• MERRILLVILLE – When Santa makes the rounds Sunday night and Monday, he undoubtedly will have forgotten the following gifts: President Donald Trump: Truth serum. Hammond Mayor Thomas McDermott: Something bigger and better. State Rep. Scott Pelath: A run for governor. State Rep. Charlie Brown: A seat on the Lake County Council. Gov. Eric Holcomb: Unlike former Govs. Mike Pence and Mitch Daniels, the ability to see that Lake County highways are plowed. The city of Valparaiso: A mayor who cares as much as retiring Mayor Jon Costas.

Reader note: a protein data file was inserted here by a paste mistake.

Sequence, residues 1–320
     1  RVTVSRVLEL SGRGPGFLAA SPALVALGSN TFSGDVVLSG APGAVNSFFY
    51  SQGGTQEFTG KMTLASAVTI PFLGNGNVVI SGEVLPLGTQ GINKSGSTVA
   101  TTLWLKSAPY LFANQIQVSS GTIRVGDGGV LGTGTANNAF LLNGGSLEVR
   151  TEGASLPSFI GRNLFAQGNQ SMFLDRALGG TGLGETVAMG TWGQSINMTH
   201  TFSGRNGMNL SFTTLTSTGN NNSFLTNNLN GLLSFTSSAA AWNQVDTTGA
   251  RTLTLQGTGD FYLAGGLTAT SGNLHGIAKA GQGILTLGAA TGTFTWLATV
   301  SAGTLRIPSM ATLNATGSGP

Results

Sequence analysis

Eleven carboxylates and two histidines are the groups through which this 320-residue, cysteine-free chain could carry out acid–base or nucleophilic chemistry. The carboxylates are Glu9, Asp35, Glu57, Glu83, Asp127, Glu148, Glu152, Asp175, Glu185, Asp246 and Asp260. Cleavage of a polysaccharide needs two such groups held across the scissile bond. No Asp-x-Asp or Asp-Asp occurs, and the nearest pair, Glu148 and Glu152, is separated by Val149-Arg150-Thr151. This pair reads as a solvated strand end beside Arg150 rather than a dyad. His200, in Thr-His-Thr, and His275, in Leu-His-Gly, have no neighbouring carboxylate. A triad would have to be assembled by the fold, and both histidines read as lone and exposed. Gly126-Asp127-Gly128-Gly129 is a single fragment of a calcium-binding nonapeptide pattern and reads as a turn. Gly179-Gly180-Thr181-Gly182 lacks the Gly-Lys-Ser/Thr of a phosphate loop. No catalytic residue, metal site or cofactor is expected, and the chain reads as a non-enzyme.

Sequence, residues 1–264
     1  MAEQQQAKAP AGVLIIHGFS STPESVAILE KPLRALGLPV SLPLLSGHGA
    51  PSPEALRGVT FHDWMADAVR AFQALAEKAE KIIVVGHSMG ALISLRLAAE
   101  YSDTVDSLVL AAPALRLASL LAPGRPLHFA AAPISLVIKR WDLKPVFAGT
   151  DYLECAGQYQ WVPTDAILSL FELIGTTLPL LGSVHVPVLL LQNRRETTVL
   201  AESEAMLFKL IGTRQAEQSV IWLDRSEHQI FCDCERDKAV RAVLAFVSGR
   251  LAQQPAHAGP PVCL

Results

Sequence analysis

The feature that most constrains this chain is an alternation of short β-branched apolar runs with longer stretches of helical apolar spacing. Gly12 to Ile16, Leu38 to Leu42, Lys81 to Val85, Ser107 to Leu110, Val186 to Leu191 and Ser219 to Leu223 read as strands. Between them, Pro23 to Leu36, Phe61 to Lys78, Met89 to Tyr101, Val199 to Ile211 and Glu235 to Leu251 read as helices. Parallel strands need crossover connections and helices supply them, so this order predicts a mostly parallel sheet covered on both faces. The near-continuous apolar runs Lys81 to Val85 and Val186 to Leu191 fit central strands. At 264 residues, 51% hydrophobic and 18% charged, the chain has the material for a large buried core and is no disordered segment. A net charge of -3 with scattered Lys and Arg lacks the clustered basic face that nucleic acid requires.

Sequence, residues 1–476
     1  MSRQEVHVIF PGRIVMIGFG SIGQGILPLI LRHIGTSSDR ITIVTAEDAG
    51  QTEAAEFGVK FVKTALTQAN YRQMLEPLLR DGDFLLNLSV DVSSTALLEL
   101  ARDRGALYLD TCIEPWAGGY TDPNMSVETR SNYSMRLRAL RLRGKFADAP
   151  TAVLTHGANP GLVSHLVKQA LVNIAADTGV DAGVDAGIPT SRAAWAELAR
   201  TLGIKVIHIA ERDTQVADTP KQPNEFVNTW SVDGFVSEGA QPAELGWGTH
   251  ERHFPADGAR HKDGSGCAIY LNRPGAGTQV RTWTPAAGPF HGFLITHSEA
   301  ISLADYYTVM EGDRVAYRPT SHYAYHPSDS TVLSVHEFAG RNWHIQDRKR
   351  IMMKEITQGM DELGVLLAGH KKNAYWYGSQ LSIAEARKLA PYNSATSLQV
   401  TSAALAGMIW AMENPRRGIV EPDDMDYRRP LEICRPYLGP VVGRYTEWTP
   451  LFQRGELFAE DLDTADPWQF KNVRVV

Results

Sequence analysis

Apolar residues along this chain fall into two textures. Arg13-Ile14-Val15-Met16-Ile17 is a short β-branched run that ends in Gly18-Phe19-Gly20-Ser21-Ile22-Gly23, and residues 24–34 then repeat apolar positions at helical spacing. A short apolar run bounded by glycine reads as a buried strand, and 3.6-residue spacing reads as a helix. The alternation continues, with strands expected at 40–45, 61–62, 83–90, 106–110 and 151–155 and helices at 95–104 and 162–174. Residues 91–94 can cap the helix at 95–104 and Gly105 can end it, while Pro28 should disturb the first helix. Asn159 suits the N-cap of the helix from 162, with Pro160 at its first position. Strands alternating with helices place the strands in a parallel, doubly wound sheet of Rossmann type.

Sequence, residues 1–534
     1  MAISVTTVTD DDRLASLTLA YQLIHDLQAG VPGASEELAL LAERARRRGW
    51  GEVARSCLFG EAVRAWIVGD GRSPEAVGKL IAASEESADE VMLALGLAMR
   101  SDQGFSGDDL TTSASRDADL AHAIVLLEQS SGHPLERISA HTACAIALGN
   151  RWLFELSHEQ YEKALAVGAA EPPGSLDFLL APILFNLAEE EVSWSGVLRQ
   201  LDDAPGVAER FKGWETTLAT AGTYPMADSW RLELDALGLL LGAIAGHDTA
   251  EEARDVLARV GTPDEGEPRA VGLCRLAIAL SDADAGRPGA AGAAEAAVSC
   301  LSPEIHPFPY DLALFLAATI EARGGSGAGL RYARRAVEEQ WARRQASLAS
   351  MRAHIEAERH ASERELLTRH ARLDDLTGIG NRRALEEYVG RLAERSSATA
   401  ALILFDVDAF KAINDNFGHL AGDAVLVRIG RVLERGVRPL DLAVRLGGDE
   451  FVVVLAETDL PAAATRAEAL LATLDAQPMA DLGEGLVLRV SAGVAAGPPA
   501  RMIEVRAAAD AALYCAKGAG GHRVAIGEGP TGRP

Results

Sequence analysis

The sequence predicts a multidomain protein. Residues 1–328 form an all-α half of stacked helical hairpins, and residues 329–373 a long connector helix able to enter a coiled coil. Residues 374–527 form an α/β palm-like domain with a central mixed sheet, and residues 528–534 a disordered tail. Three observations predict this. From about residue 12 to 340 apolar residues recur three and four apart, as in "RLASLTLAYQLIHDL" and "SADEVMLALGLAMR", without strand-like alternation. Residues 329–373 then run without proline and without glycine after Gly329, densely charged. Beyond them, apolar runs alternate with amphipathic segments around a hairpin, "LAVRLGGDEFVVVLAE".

• MERRILLVILLE – Sometimes one gets the feeling that Lake County Republicans aren’t the sharpest knives in the drawer. One gets the feeling that they enjoy playing second fiddle to Democrats who rule the roost. One gets the feeling that Republicans aren’t bothered by the fact that they haven’t won a countywide office since the late 1940s, except for one a decade ago that actually saw Democrats elect a Republican. One gets the feeling that Republicans are content to hold a township or town office here and there. One gets the feeling that Republicans have rejected the openings Democrats have afforded Republicans to advance themselves.